John Deere announces layoffs at Iowa plant
11 February 2020
Farm and heavy equipment giant Deere & Company (Deere) is laying off 105 workers from its Dubuque Works plant, located on the eastern edge of Iowa, on April 6, 2020. Opened in 1946, the plant manufactures forestry and construction equipment.
“Each Deere factory balances the size of its production workforce with customer demand for products from their individual factory,” Dan Bernick, manager of Public Relations for Deere & Company, said last Friday. “No other Deere location is included in this announcement.”
In August, Deere revealed plans to cut costs and boost profits, or, as they put it, initiate “organizational efficiency,” which the World Socialist Web Site warned would lead to new rounds of layoffs and attacks on workers. Since then Deere has laid off 220 workers from plants across Iowa and Illinois. Additionally, 100 already temporarily laid off workers had their layoffs extended and 300 workers saw their hours and pay cut through forced demotions.
In December, Deere announced its “voluntary separation program,” which threatens certain segments of salaried workers with possible involuntary layoffs in the future if they don’t resign, or “separate.”
Laying off thousands of workers in the past decade, Deere continues slashing jobs not without but with the full support of United Auto Workers (UAW). The company’s “union partners” are no doubt aware that even more cuts are on the agenda and is concealing this from workers.
For the 2020 fiscal year, Deere predicts agricultural equipment sales will fall between 5 percent and 10 percent and construction equipment sales will drop by as much as 15 percent. John C. May, Deere’s chief executive officer, said at the end of last year, “John Deere’s performance reflected continued uncertainties in the agricultural sector.” He continued, “Lingering trade tensions coupled with a year of difficult growing and harvesting conditions have caused many farmers to become cautious about making major investments in new equipment. Additionally, financial services results have come under pressure due to operating-lease losses.”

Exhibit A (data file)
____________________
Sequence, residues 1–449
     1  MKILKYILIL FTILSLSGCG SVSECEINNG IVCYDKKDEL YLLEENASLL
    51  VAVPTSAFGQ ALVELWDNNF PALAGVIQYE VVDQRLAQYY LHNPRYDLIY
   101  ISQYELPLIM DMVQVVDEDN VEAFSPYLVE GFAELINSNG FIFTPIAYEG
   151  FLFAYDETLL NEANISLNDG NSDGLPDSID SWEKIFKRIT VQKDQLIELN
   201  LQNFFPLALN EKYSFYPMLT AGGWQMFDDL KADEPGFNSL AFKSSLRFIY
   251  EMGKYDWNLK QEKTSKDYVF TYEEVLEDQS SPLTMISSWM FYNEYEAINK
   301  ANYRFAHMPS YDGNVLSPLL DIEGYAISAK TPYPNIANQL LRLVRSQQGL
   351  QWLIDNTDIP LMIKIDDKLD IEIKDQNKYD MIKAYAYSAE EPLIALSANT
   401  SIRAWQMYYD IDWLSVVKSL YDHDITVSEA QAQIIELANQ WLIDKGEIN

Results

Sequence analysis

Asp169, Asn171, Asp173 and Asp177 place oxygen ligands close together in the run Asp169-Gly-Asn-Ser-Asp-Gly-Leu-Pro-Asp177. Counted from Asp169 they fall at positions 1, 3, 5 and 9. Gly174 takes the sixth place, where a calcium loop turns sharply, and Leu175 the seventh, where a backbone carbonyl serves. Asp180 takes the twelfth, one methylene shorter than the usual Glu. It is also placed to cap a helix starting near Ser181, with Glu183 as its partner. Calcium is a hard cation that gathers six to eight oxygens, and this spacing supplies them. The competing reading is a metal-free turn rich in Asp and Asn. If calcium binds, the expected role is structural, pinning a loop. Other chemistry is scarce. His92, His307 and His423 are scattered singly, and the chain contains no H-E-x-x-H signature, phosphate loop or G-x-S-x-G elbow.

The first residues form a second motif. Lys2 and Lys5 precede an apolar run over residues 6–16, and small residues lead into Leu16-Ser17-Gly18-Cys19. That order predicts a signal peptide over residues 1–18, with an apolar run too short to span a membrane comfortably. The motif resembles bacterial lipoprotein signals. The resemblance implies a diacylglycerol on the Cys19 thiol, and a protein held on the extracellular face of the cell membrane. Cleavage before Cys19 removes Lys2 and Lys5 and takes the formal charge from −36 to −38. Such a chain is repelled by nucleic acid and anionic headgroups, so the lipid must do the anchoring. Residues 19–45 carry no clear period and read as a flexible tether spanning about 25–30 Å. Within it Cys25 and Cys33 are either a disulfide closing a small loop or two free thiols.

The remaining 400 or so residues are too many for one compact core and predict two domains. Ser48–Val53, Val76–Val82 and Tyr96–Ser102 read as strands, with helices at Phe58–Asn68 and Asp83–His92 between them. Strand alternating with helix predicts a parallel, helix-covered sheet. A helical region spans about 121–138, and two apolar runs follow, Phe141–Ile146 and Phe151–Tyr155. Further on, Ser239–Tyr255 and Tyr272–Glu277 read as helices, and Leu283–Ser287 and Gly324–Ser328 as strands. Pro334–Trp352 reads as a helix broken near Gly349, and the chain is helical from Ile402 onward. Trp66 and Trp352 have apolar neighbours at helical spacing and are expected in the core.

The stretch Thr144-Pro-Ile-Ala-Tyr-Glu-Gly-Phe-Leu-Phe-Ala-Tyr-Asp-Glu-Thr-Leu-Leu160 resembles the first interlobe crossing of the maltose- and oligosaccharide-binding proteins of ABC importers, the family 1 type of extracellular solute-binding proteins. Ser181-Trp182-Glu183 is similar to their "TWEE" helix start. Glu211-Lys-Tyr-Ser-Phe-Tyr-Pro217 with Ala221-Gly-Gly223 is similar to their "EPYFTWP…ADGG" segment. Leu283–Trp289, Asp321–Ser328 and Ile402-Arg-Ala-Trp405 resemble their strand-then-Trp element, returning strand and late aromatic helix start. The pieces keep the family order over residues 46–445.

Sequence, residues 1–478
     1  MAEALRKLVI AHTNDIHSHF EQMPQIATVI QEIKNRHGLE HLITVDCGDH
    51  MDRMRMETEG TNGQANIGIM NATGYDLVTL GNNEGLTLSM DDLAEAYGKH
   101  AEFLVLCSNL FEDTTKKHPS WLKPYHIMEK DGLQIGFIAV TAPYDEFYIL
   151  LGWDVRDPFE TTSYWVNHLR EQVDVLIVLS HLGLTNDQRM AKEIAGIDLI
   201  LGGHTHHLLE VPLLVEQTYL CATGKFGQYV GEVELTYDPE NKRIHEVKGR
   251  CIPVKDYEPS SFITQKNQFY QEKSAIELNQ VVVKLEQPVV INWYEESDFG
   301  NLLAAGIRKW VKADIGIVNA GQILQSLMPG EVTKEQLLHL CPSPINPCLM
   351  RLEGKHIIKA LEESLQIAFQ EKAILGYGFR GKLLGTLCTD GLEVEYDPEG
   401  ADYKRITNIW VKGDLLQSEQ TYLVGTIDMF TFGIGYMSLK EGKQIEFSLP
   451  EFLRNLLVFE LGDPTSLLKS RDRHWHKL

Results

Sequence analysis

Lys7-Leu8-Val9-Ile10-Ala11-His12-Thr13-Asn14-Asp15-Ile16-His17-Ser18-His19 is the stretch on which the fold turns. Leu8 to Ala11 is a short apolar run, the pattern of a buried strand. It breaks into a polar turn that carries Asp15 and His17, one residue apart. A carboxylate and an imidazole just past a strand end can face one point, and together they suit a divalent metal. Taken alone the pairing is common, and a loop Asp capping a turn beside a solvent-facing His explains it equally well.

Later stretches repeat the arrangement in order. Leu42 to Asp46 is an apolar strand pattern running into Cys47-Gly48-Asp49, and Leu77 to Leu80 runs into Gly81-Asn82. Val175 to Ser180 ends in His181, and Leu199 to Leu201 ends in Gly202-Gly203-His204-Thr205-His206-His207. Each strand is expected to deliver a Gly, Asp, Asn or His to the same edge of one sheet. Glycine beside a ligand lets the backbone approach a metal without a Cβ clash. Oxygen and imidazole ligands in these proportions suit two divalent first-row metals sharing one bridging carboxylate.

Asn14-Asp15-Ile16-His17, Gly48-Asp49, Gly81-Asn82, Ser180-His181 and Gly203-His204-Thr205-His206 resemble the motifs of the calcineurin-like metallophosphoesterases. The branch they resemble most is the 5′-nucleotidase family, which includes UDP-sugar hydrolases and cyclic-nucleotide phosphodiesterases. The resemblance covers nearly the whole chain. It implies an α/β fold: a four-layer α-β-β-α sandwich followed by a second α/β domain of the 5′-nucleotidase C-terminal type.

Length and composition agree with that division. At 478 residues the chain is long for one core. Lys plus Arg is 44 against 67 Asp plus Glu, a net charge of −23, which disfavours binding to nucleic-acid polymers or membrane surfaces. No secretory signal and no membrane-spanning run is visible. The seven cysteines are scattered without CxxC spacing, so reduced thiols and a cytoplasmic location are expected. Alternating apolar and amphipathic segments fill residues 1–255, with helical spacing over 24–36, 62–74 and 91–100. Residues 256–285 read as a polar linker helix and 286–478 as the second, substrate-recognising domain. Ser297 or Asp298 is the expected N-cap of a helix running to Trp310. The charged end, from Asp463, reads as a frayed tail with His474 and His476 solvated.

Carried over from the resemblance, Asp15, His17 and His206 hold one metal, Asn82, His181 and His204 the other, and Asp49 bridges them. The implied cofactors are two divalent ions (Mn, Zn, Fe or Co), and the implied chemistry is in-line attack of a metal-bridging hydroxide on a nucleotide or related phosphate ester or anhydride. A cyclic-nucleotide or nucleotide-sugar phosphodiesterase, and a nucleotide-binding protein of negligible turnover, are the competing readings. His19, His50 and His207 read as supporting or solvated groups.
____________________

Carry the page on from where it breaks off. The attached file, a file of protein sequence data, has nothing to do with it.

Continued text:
Export incomes of American farmers declined due to Trump’s ongoing trade war with China. The American Farm Bureau noted in 2017 that China imported $19.5 billion of US farm produce, while in 2018, China’s imports decreased to $9.1 billion. Meanwhile, shipments of US soybeans to China fell to a 16-year low as China moved to source most of its soybeans from Brazil.
Retaliatory trade moves by Canada, Mexico, Turkey and countries of the European Union in response to US tariffs have also depressed American exports.
This was compounded by a record-setting wet growing season last year, which decreased crop yields for large swaths of the American farm belt. According to the US Department of Agriculture, approximately 19.4 million insured acres across the United States went unplanted because of heavy rains, the highest since 2007, when the government first began its tracking. American farmers filed a total of 535 Chapter 12 bankruptcies last year, the highest since 2012.
Deere is using every reason to slash its workforce and increase profits for stockholders. The question remains again, as the WSWS has warned, not if Deere will continue its layoffs, but when.
The UAW, operating as a managerial extension of Deere, enforces the layoffs by actively suppressing any resistance from agricultural equipment workers. In 1997, the UAW imposed a sellout contract on workers leading to a two-tier wage and benefit system. Workers hired after 1997 were paid significantly less for doing the same job as those hired before.
The UAW argued this was a necessary temporary evil to help Deere improve its profits and secure jobs. This was the same excuse used by the UAW to impose sellout contracts among the Detroit Big 3 auto companies. Billions of dollars in profits and thousands of layoffs later, the two-tier system remains in the agricultural equipment and auto industries.
Former UAW-Fiat Chrysler Vice President Norwood Jewell, currently serving a slap-on-the-wrist 15- month prison sentence for taking bribes in exchange for signing sweetheart contracts, led the 2015 sellout contract at Deere. Workers accused the UAW of stuffing the ballot to get the deal ratified and called for a recount. The UAW ignored this demand.
After destroying the livelihoods of thousands of Deere and Fiat Chrysler autoworkers, Jewell is now serving his 15 months at a minimum-security Federal Correctional Institution at Oxford, Wisconsin, known as “the University.” At Oxford, inmates enjoy the comfort of their own private cabins spaciously spread out over a sprawling 600-acre campus described by the Chicago Tribune as “serene.”
Rank-and-file workers must reject the company-union conspiracy to destroy their jobs. This requires the building of rank-and-file factory committees, independent of the UAW, to mobilize Deere workers and unite them with workers throughout the agricultural equipment and auto industry. These committees, must uphold the rights of workers for secure and good-paying jobs and appeal to workers at Caterpillar, Case IH, Fiat New Holland and other equipment makers in the US and internationally along with autoworkers around the world, to wage a common fight.
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